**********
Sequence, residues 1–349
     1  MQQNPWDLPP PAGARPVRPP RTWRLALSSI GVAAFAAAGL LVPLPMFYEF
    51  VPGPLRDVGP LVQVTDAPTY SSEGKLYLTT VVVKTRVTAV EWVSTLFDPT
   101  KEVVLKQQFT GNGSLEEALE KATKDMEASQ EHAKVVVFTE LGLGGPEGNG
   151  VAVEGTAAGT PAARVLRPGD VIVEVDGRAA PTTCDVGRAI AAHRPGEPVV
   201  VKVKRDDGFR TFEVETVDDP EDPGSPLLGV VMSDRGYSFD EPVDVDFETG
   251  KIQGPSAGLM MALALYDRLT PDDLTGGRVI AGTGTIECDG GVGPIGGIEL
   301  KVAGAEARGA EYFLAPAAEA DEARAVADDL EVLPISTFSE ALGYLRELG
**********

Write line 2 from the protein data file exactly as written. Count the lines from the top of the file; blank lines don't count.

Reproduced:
     1  MQQNPWDLPP PAGARPVRPP RTWRLALSSI GVAAFAAAGL LVPLPMFYEF